March 30, 2020
Julie Podewitz, CSO

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COVID-19, Healthy Living, Senior Living Options

By now you’re likely aware that seniors, ages 65 and up, along with people who have chronic medical conditions such as heart disease, lung disease, diabetes, cancer and hypertension are at higher risk for serious illness from COVID-19. Virtually everything you hear or read advises that extra precautions are taken. But what does that really mean? Here are some specific health and wellness tips to help you through the pandemic.

Why Are You High Risk?

Even for those perfectly healthy, the immune system grows weaker with age, which makes it more difficult to fight off infectious diseases such as COVID-19. In addition, chronic diseases, also more common with age, can compromise the immune system and make one more vulnerable to serious complications. That’s why it’s so important to reduce risk by following CDC guidelines such as:

Stay home if possible
Wash your hands often
Avoid close contact (6 feet, which is about two arm lengths) with people
Clean and disinfect frequently touched services
Avoid all cruise travel and non-essential air travel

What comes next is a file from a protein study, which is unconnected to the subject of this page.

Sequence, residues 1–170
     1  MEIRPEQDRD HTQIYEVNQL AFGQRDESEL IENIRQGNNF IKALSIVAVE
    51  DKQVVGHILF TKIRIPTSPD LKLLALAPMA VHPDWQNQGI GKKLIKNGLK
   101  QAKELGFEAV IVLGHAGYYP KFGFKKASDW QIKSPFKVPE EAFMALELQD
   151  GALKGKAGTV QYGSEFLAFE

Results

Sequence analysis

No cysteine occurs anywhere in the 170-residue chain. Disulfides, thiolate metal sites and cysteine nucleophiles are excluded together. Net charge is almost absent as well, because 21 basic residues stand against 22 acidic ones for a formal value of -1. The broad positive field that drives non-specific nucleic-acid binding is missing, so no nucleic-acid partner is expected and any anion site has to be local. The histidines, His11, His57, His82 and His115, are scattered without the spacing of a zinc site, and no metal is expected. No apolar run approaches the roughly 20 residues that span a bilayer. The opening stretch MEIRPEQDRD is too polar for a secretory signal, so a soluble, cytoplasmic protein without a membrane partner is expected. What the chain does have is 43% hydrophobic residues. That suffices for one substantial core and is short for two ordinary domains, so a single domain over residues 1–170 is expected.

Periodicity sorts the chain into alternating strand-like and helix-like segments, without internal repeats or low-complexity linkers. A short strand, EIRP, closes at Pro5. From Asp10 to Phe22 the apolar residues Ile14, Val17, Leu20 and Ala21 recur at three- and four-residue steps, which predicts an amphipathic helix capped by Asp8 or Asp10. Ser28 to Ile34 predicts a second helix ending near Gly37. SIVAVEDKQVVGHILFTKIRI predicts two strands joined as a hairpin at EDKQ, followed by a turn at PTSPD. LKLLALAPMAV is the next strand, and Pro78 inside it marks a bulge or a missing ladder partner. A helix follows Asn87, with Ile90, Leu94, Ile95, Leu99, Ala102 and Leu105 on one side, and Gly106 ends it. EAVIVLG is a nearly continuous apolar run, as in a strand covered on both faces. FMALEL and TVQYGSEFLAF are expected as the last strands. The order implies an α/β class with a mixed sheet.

Call your healthcare professional with concerns about COVID-19 and your underlying condition or if you are sick

COVID-19 Tips for Seniors

Here are some ways to put these CDC guidelines into action:

What to Have on Hand – When staying home you need to make sure you have enough food and medication to last for an extended amount of time, or that you have reliable delivery options.

Medication: The Centers for Medicare & Medicaid is working with private plans to waive prescription drug refill limits and to relax restrictions on home or mail delivery of prescription drugs according to the National Foundation for Infectious Diseases. Many pharmacies are offering free delivery and/or shipping as well.

Groceries: Most grocery stores now offer delivery options, but keep in mind with the higher volume of people using these services there may be limited availability so plan ahead. If you have to go in-store, check locally to see if they are offering special hours for seniors. Many are dedicating their first hour to allow seniors to shop with less risk of exposure.

Food Delivery: If cooking is a challenge or if you’d like to support local businesses who are also struggling during this time, check for curbside pick-up options as well as services such as DoorDash and Uber Eats.

If You Have to Go Out – Sometimes, there’s just no way around it. But when you’re out, keep in mind that you should only wear a facemask if you are caring for someone who is sick (and they aren’t able to wear one) as they are in short supply and should be saved for caregivers. The same holds true for gloves. You may not realize that unless you are changing them between every interaction, it’s the same as wearing no gloves at all! However, you should take these precautions: